2) write a 6-Word Story describing your advertising challenge

What’s the problem you need to overcome to really bring your audience to action?  Can you summarize it in an evokative 6-word story?

3) Write a 6-word story that conveys your core message.

Can you condense your message into what Chip and Dan Heath would call your “core” message, encapsulated in a power-packed six words?  Does the story merely “tell” the truth, or does it cause the listener to realize the truth?

4) Forget 6-word stories; evoke images and emotion with your copy

As one sales pro has described it to me, selling is nothing more than getting your prospect imaginatively engaged with a vision of future benefit, and emotionally committed to taking action to make that vision a reality.

Now that’s a long way off from “conveying information,” isn’t it?  So why do so many ads merely try to inform?  Or brag?  Or do anything other than imaginatively engage and emotionally commit the audience?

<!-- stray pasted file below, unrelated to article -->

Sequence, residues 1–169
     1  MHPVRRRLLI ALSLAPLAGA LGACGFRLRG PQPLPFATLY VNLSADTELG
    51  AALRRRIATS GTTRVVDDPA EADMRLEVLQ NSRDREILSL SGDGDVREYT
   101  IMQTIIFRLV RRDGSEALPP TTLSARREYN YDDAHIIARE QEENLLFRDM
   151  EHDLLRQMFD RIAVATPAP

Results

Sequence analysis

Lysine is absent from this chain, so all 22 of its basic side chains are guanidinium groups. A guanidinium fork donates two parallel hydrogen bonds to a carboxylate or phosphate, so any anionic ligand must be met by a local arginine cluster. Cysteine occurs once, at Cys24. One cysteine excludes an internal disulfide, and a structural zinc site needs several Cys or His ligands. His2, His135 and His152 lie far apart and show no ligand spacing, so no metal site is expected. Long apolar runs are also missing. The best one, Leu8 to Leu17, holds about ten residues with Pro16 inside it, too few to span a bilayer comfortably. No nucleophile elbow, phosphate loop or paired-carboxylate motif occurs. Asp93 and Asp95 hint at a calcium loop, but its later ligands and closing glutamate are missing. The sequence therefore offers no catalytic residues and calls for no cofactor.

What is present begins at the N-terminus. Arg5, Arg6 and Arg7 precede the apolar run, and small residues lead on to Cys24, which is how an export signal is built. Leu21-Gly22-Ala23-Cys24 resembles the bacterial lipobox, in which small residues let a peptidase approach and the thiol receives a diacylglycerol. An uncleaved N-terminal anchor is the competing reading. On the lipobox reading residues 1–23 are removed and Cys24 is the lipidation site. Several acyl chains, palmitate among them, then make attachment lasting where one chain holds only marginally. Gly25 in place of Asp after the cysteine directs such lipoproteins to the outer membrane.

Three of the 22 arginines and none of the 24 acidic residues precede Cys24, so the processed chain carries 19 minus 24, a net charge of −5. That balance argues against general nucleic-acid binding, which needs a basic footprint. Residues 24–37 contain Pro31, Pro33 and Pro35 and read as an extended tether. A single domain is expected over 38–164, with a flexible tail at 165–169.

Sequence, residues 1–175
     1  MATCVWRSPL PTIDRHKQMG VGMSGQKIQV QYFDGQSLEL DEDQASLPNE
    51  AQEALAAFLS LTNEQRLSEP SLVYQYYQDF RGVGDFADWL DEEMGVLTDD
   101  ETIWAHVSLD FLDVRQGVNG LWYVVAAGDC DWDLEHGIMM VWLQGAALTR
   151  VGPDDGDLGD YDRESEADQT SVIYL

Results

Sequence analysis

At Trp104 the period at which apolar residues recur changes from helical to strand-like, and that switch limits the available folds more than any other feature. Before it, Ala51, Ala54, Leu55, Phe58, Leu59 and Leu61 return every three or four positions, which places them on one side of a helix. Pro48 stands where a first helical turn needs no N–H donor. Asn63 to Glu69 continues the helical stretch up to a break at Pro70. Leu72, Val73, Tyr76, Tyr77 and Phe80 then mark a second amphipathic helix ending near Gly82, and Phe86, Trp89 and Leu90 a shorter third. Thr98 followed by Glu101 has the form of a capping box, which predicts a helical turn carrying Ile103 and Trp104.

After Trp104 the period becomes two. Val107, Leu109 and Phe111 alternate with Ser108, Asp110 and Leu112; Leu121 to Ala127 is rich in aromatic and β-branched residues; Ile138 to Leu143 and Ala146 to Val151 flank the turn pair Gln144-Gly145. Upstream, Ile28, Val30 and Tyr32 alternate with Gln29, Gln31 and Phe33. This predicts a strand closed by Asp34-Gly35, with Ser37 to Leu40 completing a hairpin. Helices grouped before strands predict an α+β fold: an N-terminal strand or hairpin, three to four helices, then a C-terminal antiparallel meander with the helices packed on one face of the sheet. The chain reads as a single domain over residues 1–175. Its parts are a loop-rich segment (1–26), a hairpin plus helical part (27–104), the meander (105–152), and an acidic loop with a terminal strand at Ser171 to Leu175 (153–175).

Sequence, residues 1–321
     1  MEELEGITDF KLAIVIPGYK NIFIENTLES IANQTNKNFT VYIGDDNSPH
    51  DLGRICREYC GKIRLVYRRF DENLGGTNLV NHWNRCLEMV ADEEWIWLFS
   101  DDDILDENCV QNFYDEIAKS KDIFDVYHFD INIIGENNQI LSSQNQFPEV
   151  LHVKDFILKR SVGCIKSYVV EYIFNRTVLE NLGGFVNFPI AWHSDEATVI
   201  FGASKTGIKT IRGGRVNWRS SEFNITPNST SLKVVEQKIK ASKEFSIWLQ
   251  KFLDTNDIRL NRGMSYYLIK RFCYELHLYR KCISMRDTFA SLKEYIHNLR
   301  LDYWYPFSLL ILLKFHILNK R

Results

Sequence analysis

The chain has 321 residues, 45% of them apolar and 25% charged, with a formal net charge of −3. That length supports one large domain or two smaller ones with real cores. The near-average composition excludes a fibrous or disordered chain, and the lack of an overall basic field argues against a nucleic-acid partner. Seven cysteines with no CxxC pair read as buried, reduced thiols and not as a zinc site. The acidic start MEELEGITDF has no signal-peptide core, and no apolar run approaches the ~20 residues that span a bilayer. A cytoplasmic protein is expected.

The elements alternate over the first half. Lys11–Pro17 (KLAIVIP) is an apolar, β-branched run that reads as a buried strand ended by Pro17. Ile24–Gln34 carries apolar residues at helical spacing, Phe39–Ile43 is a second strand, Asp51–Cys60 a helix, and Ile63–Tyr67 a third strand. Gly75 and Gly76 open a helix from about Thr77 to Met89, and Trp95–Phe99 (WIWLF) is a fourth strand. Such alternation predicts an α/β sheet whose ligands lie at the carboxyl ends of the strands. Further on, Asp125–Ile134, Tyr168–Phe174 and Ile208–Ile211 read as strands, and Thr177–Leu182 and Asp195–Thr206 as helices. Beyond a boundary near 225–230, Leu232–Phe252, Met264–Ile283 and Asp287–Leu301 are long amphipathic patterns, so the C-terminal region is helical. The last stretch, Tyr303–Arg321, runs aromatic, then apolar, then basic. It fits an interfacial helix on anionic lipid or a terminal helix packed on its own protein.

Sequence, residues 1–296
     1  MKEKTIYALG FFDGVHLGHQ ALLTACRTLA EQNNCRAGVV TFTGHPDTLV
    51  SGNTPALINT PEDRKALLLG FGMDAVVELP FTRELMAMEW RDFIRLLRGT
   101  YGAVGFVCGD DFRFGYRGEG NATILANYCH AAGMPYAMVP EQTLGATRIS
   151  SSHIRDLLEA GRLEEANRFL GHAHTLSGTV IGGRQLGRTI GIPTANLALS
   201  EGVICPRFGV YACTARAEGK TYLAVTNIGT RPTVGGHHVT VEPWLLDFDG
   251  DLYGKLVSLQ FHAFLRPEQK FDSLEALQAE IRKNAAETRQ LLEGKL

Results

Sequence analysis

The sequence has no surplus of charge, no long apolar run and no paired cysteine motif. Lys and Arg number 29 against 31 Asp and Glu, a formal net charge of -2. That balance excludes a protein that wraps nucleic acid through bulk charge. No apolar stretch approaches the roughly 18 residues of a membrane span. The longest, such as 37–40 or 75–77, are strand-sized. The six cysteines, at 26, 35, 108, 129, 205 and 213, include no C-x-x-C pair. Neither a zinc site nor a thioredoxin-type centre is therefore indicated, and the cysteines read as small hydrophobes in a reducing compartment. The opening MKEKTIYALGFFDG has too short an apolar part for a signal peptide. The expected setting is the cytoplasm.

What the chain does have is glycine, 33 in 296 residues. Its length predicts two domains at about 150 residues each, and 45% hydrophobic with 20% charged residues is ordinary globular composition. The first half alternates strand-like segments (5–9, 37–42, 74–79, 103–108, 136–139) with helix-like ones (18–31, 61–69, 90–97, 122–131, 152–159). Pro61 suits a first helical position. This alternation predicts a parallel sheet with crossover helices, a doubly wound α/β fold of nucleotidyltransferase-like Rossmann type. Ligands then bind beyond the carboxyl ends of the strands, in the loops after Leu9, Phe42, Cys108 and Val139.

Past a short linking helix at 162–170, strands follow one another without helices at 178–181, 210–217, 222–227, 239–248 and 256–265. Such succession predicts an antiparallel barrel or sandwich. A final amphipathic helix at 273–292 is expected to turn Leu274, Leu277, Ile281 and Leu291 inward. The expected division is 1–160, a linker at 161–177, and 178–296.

And the key to doing that is to make your message participative and interactive, even if you’re using a so-called “push medium” of radio, television, or print.  You don’t have to limit yourself to 6 words, but you do have to engage the imagination and emotions of your listener.

Want to get better at doing that?  Write yourself some 6-word stories.  Oh, and feel free to post them in the comments, too :)

P.S. You can also take a gander at Post Secret for more, truly evokative “short stories” presented in a multi-media format

7

Sep

by Jeff

selling-the-dream

When writing copy for products and services designed to help someone do X, the best persuasive tactic is to re-sell them on the dream.

In other words, whenever prospects got into X in the first place, they did so because they had bought into a dream. For instance, most people take up blogging because they buy into the dream of blogging: be able to put their “voice” out into the world and finding an appreciative, receptive audience that not only tweats, re-tweats, comments on, and forwards their posts, but also finding financial benefit through that same audience buying their books, come to their conferences, etc.  That’s the dream most people are chasing when they start up a blog.